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French Language Lessons: Café Talk

David Ronis

One of the great pleasures of being in France is going to cafés. In the morning, people stop by a café for a quick espresso or a café au lait and a croissant. After a strenuous day tracking the movements of the hero of "The Da Vinci Code" you might relax in a café near the Louvre with a dish of ice cream. Later on, a café might be just the place for a nice aperitif before dinner.

People often go to cafés to socialize or to take a break from work. Newspapers are usually available for patrons as well as restrooms. Cafés open early and frequently stay open late, or at least through the early evening. You can listen to the lesson.

For more information about French cafés and a sample menu, read Slow Travel France - Cafés.

Notes on Pronunciation

French words tend to be accented lightly on the last syllable or the last syllable of a group of words. In rare instances for emphasis or where this is not the case, an accented syllable will be indicated by ALL CAPS. Liaisons are indicated by red, italicized initial consonants (e.g. "Puis-je vous aider?" pronounced as "pwee-zhuh voo zeh-day"). See Guide to Transliteration for more information.

Where to Sit/Stand and How to Order

Most cafés in France have both counter and table service. In larger cities, prices tend to increase as you move from the bar to a table inside the café to an outdoor table. In smaller towns, the charge might be the same regardless of whether you sit or stand. For table service, simply sit down at an available table and a waiter should appear shortly.

ENGLISH FRENCH SAY IT LIKE THIS
at the counter au comptoir oh koh-twahr
in the dining room dans la salle dah lah sahl
outside (on the terrace) dehors

(sur) la terrasse

duh-OHR

(sewr) lah teh-rahs

What would you like? Qu'est-ce que vous voudrez*? kehs-kuh voo voo-dray*
I would like... Je voudrais...* zhuh voo-dreh*
to drink à boire ah bwahr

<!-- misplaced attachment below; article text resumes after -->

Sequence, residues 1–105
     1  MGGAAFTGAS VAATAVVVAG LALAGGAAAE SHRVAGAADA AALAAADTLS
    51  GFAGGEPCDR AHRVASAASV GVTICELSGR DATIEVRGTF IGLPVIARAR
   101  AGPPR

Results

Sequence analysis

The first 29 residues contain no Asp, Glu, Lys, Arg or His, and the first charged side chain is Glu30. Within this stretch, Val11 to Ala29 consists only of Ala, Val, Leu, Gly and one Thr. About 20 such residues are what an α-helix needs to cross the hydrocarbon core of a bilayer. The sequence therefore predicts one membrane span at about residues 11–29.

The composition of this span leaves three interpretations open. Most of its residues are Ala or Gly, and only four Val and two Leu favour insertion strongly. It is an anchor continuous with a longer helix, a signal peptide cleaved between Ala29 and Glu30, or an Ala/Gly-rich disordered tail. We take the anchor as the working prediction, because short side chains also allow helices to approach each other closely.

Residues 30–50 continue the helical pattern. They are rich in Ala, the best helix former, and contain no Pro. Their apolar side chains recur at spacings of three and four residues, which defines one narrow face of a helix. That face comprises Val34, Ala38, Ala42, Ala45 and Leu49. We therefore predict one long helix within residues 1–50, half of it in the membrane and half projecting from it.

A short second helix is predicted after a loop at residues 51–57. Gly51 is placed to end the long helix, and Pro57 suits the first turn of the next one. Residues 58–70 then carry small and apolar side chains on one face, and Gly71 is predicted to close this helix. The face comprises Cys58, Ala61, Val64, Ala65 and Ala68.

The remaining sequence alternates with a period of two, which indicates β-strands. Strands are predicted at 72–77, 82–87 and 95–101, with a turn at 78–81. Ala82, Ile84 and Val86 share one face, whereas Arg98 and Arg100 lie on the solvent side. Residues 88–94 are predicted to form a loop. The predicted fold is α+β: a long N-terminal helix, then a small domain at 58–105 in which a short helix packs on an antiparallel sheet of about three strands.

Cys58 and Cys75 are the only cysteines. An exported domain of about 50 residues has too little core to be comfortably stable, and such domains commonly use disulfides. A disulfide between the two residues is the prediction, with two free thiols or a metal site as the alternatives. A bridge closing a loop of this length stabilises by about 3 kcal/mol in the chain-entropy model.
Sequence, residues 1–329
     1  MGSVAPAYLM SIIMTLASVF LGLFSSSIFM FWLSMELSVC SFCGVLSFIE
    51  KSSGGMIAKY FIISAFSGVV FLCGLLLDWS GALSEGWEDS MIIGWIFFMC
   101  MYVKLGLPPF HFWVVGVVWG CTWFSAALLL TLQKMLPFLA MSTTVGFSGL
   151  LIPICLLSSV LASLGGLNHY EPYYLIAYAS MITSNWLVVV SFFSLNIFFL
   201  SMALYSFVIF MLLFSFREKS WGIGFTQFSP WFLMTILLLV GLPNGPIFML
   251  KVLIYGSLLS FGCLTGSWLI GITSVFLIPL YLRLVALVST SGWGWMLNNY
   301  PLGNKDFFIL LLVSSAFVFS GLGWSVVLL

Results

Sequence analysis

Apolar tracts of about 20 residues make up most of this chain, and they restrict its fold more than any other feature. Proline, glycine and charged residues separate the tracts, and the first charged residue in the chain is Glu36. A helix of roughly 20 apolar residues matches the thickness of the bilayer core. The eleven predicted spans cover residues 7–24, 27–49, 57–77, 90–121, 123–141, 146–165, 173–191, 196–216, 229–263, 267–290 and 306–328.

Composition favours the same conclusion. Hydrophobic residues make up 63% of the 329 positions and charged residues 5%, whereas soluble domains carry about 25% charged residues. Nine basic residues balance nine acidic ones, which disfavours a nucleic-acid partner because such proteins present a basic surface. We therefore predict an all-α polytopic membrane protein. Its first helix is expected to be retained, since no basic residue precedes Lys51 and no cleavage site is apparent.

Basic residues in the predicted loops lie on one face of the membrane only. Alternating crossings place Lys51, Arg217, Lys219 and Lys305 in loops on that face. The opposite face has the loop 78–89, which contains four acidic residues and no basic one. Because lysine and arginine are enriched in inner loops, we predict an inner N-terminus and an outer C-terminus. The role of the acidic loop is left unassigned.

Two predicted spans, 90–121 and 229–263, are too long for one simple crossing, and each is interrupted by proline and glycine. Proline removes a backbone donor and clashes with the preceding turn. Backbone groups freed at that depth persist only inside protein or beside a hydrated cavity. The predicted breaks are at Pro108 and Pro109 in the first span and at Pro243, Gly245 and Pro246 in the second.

to eat à manger ah mah-zhay
for you pour vous poor voo
for me pour moi poor mwah
I would like to order now Je voudrais commander maintenant zhuh voo-dreh koh-mah-day ma-tuh-nah
nothing rien ree-A**
I'd like to pay Je voudrais payer zhuh voo-dreh peh-yay

* Notice the subtle difference in pronunciation between voudrez (voo-dray) in the question and voudrais (voo-dreh) in the answer.

** Second syllable capitalized for accentuation. Also remember that the vowel sound for this syllable rhymes with "cat".

Beverages

In the morning, it's likely that you'll want to order a cup of coffee. You might try a few different coffee variations, from basic espresso to café au lait.

ENGLISH FRENCH SAY IT LIKE THIS
espresso café express

un express

café noir

kah-fay ex-prehs

uh nex-prehs

kah-fay nwahr

coffee with steamed milk café crème kah-fay krehm
coffee with warmed milk café au lait kah-fay oh leh
large coffee with steamed milk café crème grand kah-fay krehm grah
small coffee with steamed milk café crème petit kah-fay krehm puh-TEE
espresso served with extra hot water café allongé (literally: lengthened) kah-fay ah-loh-zhay
espresso with drop of foamy milk (like caffè macchiato) noisette nwah-zeht
closest to American coffee café filtré kah-fay feel-tray
coffee with a shot of calvados* or eau de vie* café arrosé kah-fay ah-roh-zay
decaffeinated coffee café décaféiné

café HAG (brand name)

un déca (slang)

kah-fay day-kah-fay-nay

kah-fay ahg

uh day-kah

milk (cold) lait (froid) leh frwah**
tea thé tay
herbal tea une infusion

une tisane

ewn a-few-zyoh

ewn tee-zahn

with lemon au citron oh see-troh
hot chocolate chocolat shoh-koh-lah
with whipped cream avec chantilly ah-vehk shah-tee-yee

* See After-Dinner Drinks, later in this lesson.

** If pronouncing all of the consonants in "frwah" is too difficult, you could try leaving out the "r" which will give you an approximation of the word. However, note that "fwah" also indicates two entirely different words meaning "time" or "liver"!

More Beverages

Later on in the day, you might prefer a cold drink, fruit juice, a glass of wine or a beer.

ENGLISH FRENCH SAY IT LIKE THIS
coca cola un coca cola

un coca (slang)

uh koh-kah koh-lah

un koh-kah

orange juice jus d'orange zhew doh-rahzh